Cooking with pigeons in Spain

Yesterday in town it was remarked on the benefits to allkind that would accrue from exchanging our customary diet of Big Macs for one of roadkill and Fucking pigeon (what’s the Latin?). Celtiberians consulted state that their race does not partake of the pigeon, and Juan Bautista Carrasco’s Mitología universal (1864) suggests that this may have been to avoid sacrilege:

La Paloma estaba dedicada á Venus …; las palomas según algunos autores alimentaron á Júpiter: los Asirios adoraron estas aves y sus enseñas militares eran palomas: creían que Semiramis después de muerta se habia metamorfoseado en paloma: los Ascalonitas tenían suma veneración á las palomas que no osaban matar ni comer temiendo alimentarse con los mismos dioses: Philon asegura haber visto en Ascalon infinito número de pichones que se mantenían y por los que tenian una veneración particular.

David Crossland reminds us that in broad historical terms this is nonsense:

The pigeon derives from the rock dove and was one of the first animals to be domesticated, some 10,000 years ago, in the Middle East. There are around 300 varieties of the bird. It was initially bred to be eaten, and its excrement, guano, was a prized fertilizer.

And Alexis Madrigal notes that pigeons have been driven to local extinction in quite recent times by peripatetic commercial netters:

Possibly the last great slaughter of pigeons in New York, of which we have record, was some time in the [18]70s. A flock had nested in Missouri in April, where they were followed by the same pigeoners, who again destroyed the squabs. The New York market alone would take 100 barrels a day for weeks without a break in price. Chicago, St. Louis, Boston and all the great and little cities of the North and East joined in the demand. Need we wonder why the pigeons have vanished?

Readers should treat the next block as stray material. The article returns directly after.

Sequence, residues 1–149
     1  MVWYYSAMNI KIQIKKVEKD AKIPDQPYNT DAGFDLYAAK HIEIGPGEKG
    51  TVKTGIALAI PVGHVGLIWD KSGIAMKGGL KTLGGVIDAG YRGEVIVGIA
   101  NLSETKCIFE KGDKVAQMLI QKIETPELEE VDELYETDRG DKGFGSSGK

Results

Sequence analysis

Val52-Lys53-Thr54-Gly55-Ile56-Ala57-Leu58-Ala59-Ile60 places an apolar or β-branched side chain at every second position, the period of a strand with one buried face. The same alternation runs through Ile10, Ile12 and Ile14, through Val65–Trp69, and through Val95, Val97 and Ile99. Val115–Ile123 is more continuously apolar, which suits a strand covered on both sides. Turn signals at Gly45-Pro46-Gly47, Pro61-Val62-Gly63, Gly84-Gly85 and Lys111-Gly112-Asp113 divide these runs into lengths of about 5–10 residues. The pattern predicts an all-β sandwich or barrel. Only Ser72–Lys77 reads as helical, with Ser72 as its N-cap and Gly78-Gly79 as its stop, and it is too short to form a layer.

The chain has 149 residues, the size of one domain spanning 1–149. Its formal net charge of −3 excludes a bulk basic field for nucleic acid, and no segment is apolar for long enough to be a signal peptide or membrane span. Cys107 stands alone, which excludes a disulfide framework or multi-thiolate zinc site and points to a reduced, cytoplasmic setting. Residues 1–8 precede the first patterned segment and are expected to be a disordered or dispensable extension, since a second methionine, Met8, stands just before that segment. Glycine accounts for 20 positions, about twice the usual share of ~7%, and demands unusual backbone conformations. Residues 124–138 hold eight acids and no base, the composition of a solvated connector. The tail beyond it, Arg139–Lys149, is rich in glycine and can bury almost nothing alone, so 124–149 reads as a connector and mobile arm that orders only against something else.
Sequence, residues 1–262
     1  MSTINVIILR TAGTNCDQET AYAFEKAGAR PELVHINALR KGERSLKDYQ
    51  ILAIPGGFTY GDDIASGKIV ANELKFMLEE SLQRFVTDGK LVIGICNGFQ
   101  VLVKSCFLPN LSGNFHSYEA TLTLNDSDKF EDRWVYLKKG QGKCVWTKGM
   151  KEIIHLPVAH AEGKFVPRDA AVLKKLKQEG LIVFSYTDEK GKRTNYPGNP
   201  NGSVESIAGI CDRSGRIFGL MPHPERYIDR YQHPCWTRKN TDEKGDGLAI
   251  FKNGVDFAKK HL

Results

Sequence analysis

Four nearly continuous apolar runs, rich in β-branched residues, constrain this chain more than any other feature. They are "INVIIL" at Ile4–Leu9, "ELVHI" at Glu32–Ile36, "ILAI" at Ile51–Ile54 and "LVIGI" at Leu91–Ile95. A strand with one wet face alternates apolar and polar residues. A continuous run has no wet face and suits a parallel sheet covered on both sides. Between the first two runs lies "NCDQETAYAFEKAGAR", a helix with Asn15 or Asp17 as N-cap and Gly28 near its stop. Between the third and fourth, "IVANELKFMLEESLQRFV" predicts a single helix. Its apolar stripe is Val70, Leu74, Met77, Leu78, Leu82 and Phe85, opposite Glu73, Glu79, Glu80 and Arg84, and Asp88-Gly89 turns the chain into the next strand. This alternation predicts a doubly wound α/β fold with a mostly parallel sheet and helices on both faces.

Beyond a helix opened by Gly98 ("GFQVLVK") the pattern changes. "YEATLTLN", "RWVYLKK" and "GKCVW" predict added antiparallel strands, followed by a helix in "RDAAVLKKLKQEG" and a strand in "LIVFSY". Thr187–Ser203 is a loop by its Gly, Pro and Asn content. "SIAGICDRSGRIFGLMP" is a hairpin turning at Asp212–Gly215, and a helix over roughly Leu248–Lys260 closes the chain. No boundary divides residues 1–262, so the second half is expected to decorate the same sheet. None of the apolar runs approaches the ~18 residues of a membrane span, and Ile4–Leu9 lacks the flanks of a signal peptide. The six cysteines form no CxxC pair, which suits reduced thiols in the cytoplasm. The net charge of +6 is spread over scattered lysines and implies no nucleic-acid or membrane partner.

[Alexis uses squab = young pigeon, which, sez the OED may be related to the Swedish dialect sqvabba, fat woman. Cf The Five Keys: I built a nest for a sweet little pigeon / But she flapped her wings and flu.]

I think there are references somewhere in Pío Baroja or Vicente Blasco Ibáñez to pigeon hunting in 19th century Madrid, but I don’t know of any others. Here’s an interesting recipe concept from Lur Maitea. They forget the tomatoes in the second part, so I’ve done the logical thing with them:


4 pigeons
2 bulbous green onions
4 cloves of garlic
2 ripe tomatoes, skinned
½l meat stock or water
¼l pacharán (see below)
Oil, salt, cornflour


Heat the oil in a casserole and sauté the onion until wilted. Clean the pigeons well and scorch them over a flame to remove any residual down. Then brown them slightly with the onion, add the garlic cloves, flambé with the patxarán, [crush and add the tomatoes,] and add the meat stock or water. Cook covered in a 350ºF/175ºC oven for around 20 minutes. Remove the pigeons when tender. Strain the broth, add salt and thicken it with cornflour, and serve with greens and a light red.

Pacharán is made like sloe gin, replacing the gin with anisette.

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  1. What about the passenger pigeon? It was more than locally extinguished (as Alex says). See Wikipedia.

  2. The Missouri quote almost certainly relates to the Passenger Pigeon, the Fucking Pigeon (Columba columba bilbenensis) never flocks in those numbers(100 barrels a day!).

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